Plein air artist and Texan, David Camp is a member of the Oil Painters of America and the Outdoor Painting Society. His work Blue Harmony was chosen by Lewis Wines for a label on their summer vinho verde style wine. David is represented by both the Taste Wine Art-Kirchman Gallery in Johnson City, TX and RS Hanna Gallery in Fredericksburg, TX.
All things Ampersand, Karyn Meyer-Berthel Artist & Social Media Specialist Ampersand Art Supply Click here to explore the full selection of Ampersand panels and tools.
“I find Gessobord to be an ideal painting surface: smooth, even, and with the perfect amount of tooth. I don’t know about any other panel out there that is both archival and sustainably sourced, two factors which are very important to me!” ~Madeline von Foerster Madeline von Foerster, American born artist living in Germany, carefully plans and executes with beautifully rendered detail “living still lifes.” Madeline has perfected the 15th century Flemish Master technique, mische, working in layers of egg tempera and oils to achieve a glowing work which is realistic but also breathtakingly luminous. Madeline explains her love of both the media and subject matter in her artist statement, sharing that meaning and beauty are the two cornerstones of her work.
Untitled (Pangolin), 36″ x 36″, 2012
Madeline has always felt the pull as an artist, drawing being a favorite thing for as long as she can remember. With steady encouragement from her family, Madeline pursued art school studying at the California College of Arts and Crafts and with Philip Rubinov-Jacobson. Her education and patience exude through her exquisite detail and process. Before Madeline worked in the “mixed technique” or mische, she pursued oils “ala prima” for many years. She shares further, “I was a huge fan of the Flemish Renaissance Masters, but when I tried to emulate their effects (glowing colors and crystalline details), I had the feeling I was missing out on some crucial information. It was next to impossible to achieve what they did using my methods and materials, and the attempt was an unrewarding ordeal.” Upon learning of Professor Philip Rubinov-Jacobson’s seminar in Austria, she signed up immediately. The style resonated with her, and Madeline has worked over 50 paintings in the mische technique since.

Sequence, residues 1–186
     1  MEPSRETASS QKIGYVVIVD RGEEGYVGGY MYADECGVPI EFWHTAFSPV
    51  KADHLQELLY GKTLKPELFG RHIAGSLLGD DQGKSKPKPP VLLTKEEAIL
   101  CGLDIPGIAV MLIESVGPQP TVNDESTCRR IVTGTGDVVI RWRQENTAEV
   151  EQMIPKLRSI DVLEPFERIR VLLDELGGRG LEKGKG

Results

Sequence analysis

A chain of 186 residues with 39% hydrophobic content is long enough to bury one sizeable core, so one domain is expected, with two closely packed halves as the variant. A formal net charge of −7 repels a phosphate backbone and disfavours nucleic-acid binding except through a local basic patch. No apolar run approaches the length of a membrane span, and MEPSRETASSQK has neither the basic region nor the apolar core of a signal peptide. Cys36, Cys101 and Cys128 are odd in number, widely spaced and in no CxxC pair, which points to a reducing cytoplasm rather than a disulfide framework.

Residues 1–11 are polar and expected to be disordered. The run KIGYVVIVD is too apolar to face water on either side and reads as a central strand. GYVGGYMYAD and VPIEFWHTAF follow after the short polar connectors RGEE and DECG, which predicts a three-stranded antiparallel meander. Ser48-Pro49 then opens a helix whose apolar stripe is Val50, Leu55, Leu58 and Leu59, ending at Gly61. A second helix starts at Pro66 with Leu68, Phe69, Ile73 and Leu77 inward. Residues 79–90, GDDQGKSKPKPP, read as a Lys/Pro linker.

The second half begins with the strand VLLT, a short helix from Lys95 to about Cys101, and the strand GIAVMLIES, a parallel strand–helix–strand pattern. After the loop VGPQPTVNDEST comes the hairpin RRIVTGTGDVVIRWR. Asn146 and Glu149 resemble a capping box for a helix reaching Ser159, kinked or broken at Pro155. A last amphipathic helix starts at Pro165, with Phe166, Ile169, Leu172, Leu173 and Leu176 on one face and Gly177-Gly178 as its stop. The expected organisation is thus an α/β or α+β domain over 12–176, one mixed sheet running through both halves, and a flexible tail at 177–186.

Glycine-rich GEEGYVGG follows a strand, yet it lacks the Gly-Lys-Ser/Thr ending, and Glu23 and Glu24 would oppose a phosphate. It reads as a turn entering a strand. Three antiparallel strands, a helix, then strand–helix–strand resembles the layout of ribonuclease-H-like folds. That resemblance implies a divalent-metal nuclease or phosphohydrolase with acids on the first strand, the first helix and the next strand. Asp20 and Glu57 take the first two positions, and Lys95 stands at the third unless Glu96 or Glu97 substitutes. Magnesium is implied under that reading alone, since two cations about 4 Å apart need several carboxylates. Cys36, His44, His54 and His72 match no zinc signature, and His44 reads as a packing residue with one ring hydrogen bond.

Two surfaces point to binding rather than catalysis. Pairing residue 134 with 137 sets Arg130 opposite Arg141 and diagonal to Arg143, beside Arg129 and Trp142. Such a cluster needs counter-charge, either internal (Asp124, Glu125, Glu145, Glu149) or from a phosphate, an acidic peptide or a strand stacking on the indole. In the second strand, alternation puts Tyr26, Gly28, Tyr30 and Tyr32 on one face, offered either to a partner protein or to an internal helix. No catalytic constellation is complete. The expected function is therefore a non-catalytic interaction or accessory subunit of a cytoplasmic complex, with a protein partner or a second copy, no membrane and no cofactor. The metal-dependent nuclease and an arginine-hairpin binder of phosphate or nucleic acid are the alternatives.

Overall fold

Bufo Periglenes, 8″ x 8″, 2011
With Madeline’s appreciation for creating a quality painting in style and technique, she has found the perfect match in Gessobord, a well made, quality panel that will stand the test of time. “Good materials are part of an artist’s necessary support system – they are part of what allows an artist to do his or her best work. Good brushes, panels, and paints are more pleasurable to use and provide superior results – but also, most importantly, they don’t get in the way,” she explains. On her website, Madeline gives a detailed explanation and work in progress photographs of how her paintings are completed. You can see her rendering, underpainting, layers of egg tempera and oil paint. Madeline also lists her upcoming shows, press and other events. All things Ampersand, Karyn Meyer-Berthel Artist & Social Media Specialist Ampersand Art Supply
Click here to explore the full selection of Ampersand panels and tools.
“It is actually more cost effective to use good quality materials and get the most out of the hours developing their craft, rather than slow down their learning by limiting themselves with inferior products.” ~Mark Battista
Madonna di Castello Buccino